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I'm learning about neural networks, specifically looking at MLPs with a back-propagation implementation. I'm trying to implement my own network in python and I thought I'd look at some other libraries before I started. After some searching I found Neil Schemenauer's python implementation bpnn.py. (http://arctrix.com/nas/python/bpnn.py)

Having worked through the code and read the first part of Christopher M. Bishops book titled 'Neural Networks for Pattern Recognition' I found an issue in the backPropagate function:

# calculate error terms for output
output_deltas = [0.0] * self.no
for k in range(self.no):
    error = targets[k]-self.ao[k]
    output_deltas[k] = dsigmoid(self.ao[k]) * error

The line of code that calculates the error is different in Bishops book. On page 145, equation 4.41 he defines the output units error as:

d_k = y_k - t_k

Where y_k are the outputs and t_k are the targets. (I'm using _ to represent subscript) So my question is should this line of code:

error = targets[k]-self.ao[k]

Be infact:

error = self.ao[k] - targets[k]

I'm most likely completely wrong but could someone help clear up my confusion please. Thanks

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Since the error is how much the result in this epoch is away from the expected, this should be the right line: error = targets[k]-self.ao[k] But both can be right, it depends on the signal of dsigmoid(self.ao[k]) too. –  Arthur Julião May 2 '13 at 16:20
Whether you derive (y-t)^2 or (t-y)^2 with respect to y makes no difference, it is always y-t, never t-y. –  alfa May 2 '13 at 16:46

2 Answers 2

It all depends on the error measure you use. To give just a few examples of error measures (for brevity, I'll use ys to mean a vector of n outputs and ts to mean a vector of n targets):

mean squared error (MSE):
    sum((y - t) ** 2 for (y, t) in zip(ys, ts)) / n

mean absolute error (MAE):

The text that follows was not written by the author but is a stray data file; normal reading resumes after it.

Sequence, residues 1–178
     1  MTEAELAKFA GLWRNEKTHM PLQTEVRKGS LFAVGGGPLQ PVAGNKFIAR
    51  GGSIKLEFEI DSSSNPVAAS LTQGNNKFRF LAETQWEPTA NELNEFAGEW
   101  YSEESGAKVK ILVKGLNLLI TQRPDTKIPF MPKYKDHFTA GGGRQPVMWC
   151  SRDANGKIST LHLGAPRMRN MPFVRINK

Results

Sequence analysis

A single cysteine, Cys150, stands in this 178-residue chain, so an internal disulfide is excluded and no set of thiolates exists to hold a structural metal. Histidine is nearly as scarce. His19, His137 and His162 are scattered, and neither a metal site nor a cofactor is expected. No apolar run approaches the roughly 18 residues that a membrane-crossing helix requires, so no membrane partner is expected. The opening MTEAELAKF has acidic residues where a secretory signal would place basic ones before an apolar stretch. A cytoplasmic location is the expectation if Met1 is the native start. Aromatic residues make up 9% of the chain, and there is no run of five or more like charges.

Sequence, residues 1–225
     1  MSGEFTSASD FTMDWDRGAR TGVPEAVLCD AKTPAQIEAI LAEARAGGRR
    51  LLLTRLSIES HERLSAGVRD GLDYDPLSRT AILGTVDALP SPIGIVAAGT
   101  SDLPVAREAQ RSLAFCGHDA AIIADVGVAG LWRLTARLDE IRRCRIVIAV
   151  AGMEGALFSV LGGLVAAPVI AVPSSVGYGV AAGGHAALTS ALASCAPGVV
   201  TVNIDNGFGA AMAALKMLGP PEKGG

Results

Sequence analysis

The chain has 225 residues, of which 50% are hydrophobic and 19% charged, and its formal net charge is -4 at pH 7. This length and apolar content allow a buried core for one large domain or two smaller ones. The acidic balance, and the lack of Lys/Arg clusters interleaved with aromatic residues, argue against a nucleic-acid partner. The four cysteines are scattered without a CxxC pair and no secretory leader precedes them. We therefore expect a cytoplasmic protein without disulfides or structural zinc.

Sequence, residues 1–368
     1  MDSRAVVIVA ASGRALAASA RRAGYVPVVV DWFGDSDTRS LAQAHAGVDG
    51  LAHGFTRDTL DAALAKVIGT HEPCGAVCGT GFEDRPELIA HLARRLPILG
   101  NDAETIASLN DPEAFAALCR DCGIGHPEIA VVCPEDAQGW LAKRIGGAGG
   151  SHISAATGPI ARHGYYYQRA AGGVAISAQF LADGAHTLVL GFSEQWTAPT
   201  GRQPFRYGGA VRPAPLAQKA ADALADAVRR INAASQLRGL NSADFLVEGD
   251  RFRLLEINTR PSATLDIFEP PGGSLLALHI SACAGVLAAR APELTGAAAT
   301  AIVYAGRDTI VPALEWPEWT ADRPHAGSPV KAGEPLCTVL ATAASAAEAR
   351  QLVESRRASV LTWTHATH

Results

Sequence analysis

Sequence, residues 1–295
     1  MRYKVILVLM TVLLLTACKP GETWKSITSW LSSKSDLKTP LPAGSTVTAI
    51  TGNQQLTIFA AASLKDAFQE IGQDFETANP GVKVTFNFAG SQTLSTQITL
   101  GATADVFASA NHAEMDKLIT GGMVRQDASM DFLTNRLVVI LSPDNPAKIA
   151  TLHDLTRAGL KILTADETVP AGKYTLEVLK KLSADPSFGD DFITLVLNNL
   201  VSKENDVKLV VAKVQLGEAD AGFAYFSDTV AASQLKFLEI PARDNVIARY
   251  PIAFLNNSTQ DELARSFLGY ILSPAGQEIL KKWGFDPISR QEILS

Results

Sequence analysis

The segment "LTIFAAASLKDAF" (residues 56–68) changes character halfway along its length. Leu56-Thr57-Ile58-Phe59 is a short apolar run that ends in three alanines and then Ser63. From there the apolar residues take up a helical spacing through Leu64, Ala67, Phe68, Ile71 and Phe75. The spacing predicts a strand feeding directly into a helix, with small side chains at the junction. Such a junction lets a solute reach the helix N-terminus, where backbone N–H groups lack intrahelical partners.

sum(abs(y - t) for (y, t) in zip(ys, ts)) / n

mean logistic error (MLE):
    sum(-log(y) * t - log(1 - y) * (1 - t) for (y, t) in zip(ys, ts)) / n 

Which one you use depends entirely on the context. MSE and MAE can be used for when the target outputs can take any values, and MLE gives very good results when your target outputs are either 0 or 1 and when y is in the open range (0, 1).

With that said, I haven't seen the errors y - t or t - y used before (I'm not very experienced in machine learning myself). As far as I can see, the source code you provided doesn't square the difference or use the absolute value, are you sure the book doesn't either? The way I see it y - t or t - y can't be very good error measures and here's why:

n = 2                 # We only have two output neurons
ts = [ 0, 1 ]         # Our target outputs
ys = [ 0.999, 0.001 ] # Our sigmoid outputs

# Notice that your outputs are the exact opposite of what you want them to be.
# Yet, if you use (y - t) or (t - y) to measure your error for each neuron and
# then sum up to get the total error of the network, you get 0.
t_minus_y = (0 - 0.999) + (1 - 0.001)
y_minus_t = (0.999 - 0) + (0.001 - 1)

Edit: Per alfa's comment, in the book, y - t is actually the derivative of MSE. In that case, t - y is incorrect. Note, however, that the actual derivative of MSE is 2 * (y - t) / n, not simply y - t.

If you don't divide by n (so you actually have a summed squared error (SSE), not a mean squared error), then the derivative would be 2 * (y - t). Furthermore, if you use SSE / 2 as your error measure, then the 1 / 2 and the 2 in the derivative cancel out and you are left with y - t.

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The problem is: you need y-t for backpropagation (see e.g. github.com/OpenANN/OpenANN/blob/master/src/Net.cpp, line 323). It is not an error measure, it is the derivative of (mean) sum of squared errors. And it should make a difference whether it is y-t or t-y. –  alfa May 2 '13 at 16:40
Ohh, I see, I got confused. –  Paul Manta May 2 '13 at 16:44
@alfa Are you saying in bpnn.py the current implementation is incorrect? –  FidesFacitFidem May 2 '13 at 17:29
@FidesFacitFidem OK, it is actually wrong, but that does not matter because, it does gradient ascent instead of gradient descent: self.wi[i][j] = self.wi[i][j] + Nchange + Mself.ci[i][j] You could replace the +s by -s and use error = self.ao[k] - targets[k] and would get the same result. –  alfa May 2 '13 at 17:48
And in addition the implementation of the momentum is actually wrong, because it only incorporates the previous gradient. Usually it should use all previous gradients with exponentially decaying weights. :) –  alfa May 2 '13 at 17:54

You have to backpropagate the derivative of

0.5*(y-t)^2 or 0.5*(t-y)^2 with respect to y

which is always

y-t = (y-t)(+1) = (t-y)(-1)

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